The term “meme” has in recent years taken on a very different meaning than that which it originally had. Professor Richard Dawkins coined the term “meme” in 1976 to refer to the cultural analogue of a gene. In the same way that “genes” were the discrete units of genetic information that were passed on and selected for and allowed a population to achieve continuity and evolve, likewise “memes” were the discrete units of ideas and cultures that were passed on and selected for and allowed sociocultural populations to achieve continuity and evolve.

In the past decade or two, this term was somewhat misappropriated (though somewhat accurately applied) from its original usage in cultural studies and information theory and used to describe elements of Internet Culture – image macros, witty comment chains on reddit, propensity for voting to name things “Harambe” or “Xy McXface”, or the trope of misdirecting people via links to 80s British Pop music videos. Perhaps because internet culture was create ex nihilo so recently, participants were eager to identify elements of commonality and give them the name “meme”, hence the prominence of this term in reference to internet culture viz. every other area of culture.

Nevertheless, the original definition of a meme – any transmittable element of culture – remains valid. How broadly or narrowly one should define memes in this sense is open to debate – people’s idea of the proper length of a Toga can be a meme as much as the concept of the Mandate of Heaven or the consensus about the right age for a boy to begin his manhood quest – these are all culturally specific ideas that are transmitted vertically (communicated between generations) and horizontally (communicated verbally, textually, etc. among contemporaneous members of a group), and are subject to inception, evolution, and oblivion.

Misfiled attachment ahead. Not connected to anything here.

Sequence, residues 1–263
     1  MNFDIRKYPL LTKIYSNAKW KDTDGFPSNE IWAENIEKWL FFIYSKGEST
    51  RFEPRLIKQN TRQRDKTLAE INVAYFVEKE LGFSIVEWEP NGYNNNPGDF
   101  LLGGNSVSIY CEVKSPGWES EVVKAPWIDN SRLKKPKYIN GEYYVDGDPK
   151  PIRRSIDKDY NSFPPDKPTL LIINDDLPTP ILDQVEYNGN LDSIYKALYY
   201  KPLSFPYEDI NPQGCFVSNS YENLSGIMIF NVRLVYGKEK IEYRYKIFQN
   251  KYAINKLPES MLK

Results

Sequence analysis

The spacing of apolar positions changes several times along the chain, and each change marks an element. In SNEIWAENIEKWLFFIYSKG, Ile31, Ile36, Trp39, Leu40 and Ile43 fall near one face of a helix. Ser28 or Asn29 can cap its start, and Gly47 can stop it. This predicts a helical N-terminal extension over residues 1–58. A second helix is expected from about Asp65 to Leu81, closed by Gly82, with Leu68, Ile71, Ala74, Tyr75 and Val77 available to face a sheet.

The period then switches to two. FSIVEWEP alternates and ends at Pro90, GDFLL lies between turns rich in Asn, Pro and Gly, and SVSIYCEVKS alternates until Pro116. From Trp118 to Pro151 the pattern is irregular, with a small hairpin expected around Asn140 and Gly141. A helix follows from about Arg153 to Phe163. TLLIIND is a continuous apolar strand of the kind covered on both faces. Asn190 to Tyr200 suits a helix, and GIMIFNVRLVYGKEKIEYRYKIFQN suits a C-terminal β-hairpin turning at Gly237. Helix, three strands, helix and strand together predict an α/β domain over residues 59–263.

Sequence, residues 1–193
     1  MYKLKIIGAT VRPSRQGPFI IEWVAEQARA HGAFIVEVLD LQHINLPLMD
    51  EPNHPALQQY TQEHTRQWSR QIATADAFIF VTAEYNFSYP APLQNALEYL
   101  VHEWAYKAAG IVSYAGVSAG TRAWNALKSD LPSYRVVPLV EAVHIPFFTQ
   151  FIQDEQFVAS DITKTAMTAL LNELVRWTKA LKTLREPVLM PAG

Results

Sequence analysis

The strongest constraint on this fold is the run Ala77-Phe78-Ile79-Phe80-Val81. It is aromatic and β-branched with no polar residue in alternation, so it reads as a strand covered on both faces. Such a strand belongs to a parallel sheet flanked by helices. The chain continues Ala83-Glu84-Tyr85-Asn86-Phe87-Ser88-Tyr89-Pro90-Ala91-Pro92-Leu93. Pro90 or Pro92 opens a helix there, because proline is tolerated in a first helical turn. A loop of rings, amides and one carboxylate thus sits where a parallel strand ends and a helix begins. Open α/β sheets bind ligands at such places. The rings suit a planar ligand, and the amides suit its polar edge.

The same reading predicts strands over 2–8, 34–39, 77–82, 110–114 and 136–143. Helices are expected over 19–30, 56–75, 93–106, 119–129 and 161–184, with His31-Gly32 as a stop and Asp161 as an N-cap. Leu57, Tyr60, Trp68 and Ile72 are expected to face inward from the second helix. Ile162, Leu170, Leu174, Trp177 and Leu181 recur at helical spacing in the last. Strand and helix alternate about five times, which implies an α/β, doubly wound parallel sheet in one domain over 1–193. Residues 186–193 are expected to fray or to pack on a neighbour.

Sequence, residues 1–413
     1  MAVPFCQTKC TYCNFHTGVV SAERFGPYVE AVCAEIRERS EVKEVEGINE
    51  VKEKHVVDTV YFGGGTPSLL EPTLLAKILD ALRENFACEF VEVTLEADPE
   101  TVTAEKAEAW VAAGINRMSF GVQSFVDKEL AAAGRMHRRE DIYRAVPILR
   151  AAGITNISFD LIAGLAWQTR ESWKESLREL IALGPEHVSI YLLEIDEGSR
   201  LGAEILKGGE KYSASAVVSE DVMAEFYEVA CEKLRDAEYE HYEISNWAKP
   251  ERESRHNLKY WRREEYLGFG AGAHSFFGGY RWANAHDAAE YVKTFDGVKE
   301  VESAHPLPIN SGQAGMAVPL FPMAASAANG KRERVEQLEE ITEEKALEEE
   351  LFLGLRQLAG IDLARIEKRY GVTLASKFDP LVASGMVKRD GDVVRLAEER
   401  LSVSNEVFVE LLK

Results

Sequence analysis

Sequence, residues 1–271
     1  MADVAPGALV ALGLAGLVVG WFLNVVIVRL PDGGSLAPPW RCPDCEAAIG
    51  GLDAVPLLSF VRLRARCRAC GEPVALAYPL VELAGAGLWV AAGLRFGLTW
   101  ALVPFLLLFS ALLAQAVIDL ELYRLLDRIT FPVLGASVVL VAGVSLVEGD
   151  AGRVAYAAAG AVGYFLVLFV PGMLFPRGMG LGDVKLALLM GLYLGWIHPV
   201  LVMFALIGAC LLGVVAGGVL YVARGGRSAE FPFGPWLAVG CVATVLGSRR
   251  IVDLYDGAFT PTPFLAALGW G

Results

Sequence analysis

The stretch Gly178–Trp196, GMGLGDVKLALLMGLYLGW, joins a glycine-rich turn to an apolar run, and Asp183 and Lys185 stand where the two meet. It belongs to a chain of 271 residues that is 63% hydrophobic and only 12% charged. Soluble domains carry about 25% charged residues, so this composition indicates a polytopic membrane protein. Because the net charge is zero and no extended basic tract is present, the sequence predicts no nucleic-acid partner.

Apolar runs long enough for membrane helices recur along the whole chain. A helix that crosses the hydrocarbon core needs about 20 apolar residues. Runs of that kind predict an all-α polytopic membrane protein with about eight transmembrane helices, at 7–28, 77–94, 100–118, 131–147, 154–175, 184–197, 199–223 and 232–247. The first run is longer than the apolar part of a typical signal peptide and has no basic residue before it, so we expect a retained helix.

I would like to focus on one particular meme: skepticism. I will define this simply as “the notion that propositions should be doubted”. This is a meme, an idea-gene, if you will, that not everyone has. In some cultures great efforts are made to minimize the prevalence of this meme, namely in rampant authoritarian or theocratic societies in which doubt of the Supreme Leader or The Party or The Faith are seen as ills to be purged; critical thinking is not prized or cultivated. When the skepticism gene is manifest in a skeptical culturotype (the ideological analog to phenotypes) they are pruned from the flock.

Thus, like any genes or memes, the meme of skepticism is not an unalloyed good. In environs and situations in which survival is precarious and military-esque deference to authority is necessary to stay alive, having a sudden increase in skepticism and doubt of the hierarchy could lead to the death of the society and the individuals that it comprises. But at other times, the meme of skepticism presents great advantages: being creative, willing to go one’s own way, follow one’s inclinations and not blindly stumble after the herd can yield enormous benefits when it comes to science, business, art, politics, or personal interactions. I would posit that there is a strong correlation between the prevalence of the skepticism meme and the level of creativity, dynamism, and liberty of a society.